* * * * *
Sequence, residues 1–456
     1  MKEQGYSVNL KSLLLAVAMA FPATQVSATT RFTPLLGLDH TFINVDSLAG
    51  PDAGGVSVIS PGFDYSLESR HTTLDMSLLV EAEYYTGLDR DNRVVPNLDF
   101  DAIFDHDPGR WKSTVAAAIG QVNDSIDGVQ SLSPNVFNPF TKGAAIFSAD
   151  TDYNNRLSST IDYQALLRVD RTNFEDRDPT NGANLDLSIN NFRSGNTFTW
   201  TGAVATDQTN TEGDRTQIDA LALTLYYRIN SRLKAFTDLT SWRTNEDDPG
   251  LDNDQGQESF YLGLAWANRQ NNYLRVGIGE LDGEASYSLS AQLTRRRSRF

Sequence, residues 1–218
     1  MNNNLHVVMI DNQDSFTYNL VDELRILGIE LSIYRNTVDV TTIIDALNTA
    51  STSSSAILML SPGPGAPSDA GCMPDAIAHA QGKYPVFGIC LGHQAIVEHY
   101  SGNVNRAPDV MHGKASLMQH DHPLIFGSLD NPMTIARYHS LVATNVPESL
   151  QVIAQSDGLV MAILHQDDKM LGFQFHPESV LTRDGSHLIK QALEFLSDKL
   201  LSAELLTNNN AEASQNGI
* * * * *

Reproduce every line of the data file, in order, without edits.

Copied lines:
Sequence, residues 1–456
     1  MKEQGYSVNL KSLLLAVAMA FPATQVSATT RFTPLLGLDH TFINVDSLAG
    51  PDAGGVSVIS PGFDYSLESR HTTLDMSLLV EAEYYTGLDR DNRVVPNLDF
   101  DAIFDHDPGR WKSTVAAAIG QVNDSIDGVQ SLSPNVFNPF TKGAAIFSAD
   151  TDYNNRLSST IDYQALLRVD RTNFEDRDPT NGANLDLSIN NFRSGNTFTW
   201  TGAVATDQTN TEGDRTQIDA LALTLYYRIN SRLKAFTDLT SWRTNEDDPG
   251  LDNDQGQESF YLGLAWANRQ NNYLRVGIGE LDGEASYSLS AQLTRRRSRF

Sequence, residues 1–218
     1  MNNNLHVVMI DNQDSFTYNL VDELRILGIE LSIYRNTVDV TTIIDALNTA
    51  STSSSAILML SPGPGAPSDA GCMPDAIAHA QGKYPVFGIC LGHQAIVEHY
   101  SGNVNRAPDV MHGKASLMQH DHPLIFGSLD NPMTIARYHS LVATNVPESL
   151  QVIAQSDGLV MAILHQDDKM LGFQFHPESV LTRDGSHLIK QALEFLSDKL
   201  LSAELLTNNN AEASQNGI